Save the Children's international chairman quits
Save the Children's international chairman has resigned amid what he described as the "complex mix of challenges" facing the charity sector.
Sir Alan Parker said he believed a change was needed, leading him to step down from his role eight months before his 10-year term was due to end.
Sir Alan, who has also quit the boards of Save the Children Association and Save the Children International, acknowledged that the charity's UK arm had dealt with some "unacceptable workplace behaviour".
The charity apologised earlier this year to women employees who complained of inappropriate behaviour by its former chief executive Justin Forsyth.
A leaked 2015 report from the charity suggested that Sir Alan's "very close" relationship with Mr Forsyth, who left the charity in 2016, may have affected how he responded to complaints.
Brendan Cox, the widower of murdered MP Jo Cox, also admitted that he made "mistakes" and behaved in a way that caused some women "hurt and offence" when he was working at the charity.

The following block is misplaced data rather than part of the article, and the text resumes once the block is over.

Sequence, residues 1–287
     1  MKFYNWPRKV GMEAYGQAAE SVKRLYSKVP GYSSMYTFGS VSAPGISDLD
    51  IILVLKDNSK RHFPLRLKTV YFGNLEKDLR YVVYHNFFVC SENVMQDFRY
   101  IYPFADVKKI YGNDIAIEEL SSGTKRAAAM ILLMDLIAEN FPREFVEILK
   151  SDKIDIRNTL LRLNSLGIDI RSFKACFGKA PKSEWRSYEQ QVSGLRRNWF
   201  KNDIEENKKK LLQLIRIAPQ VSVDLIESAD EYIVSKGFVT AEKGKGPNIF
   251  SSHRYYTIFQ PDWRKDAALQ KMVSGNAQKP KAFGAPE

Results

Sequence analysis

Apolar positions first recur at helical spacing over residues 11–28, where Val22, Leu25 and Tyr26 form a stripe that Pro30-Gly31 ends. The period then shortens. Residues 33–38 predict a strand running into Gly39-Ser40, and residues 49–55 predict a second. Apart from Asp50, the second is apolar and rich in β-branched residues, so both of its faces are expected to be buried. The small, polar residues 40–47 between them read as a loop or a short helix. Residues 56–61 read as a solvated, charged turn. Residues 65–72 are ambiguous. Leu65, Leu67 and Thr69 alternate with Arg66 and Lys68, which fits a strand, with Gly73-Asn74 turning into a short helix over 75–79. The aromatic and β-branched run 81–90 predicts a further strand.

In his resignation letter Sir Alan told colleagues: "In Save the Children UK we dealt with some unacceptable workplace behaviour, involving harassment, in our head office in Farringdon in 2012 and 2015.
"The process around Brendan Cox involved a disciplinary panel, including Trustees and an independent QC. The processes around Justin Forsyth were handled by HR and senior Trustees, and were reviewed by an independent law firm."
He said he would work to assist "in any way I can" with a further review of the issues which is being undertaken by the Charity Commission.
Sir Alan, who pledged to help ensure a smooth succession for his replacement, said there was an "urgent and pressing need to rebuild trust and confidence" in the sector.
He added: "If we do not, some of the world's poorest and most vulnerable children will suffer."
Pernille Lopez, speaking on behalf of the charity's board, said Sir Alan had made an "immense contribution" to the charity in the past decade.
Save the Children benefited from Sir Alan's "extensive knowledge and energy", CEO Helle Thorning-Schmidt added.
She said: "As a trustee and now as Chair, Alan has worked tirelessly to help us grow to an organisation that works in over 120 countries to reach 50 million children every year. Building on this strong foundation, we will continue to fight for a world where every last child can survive, learn and be protected."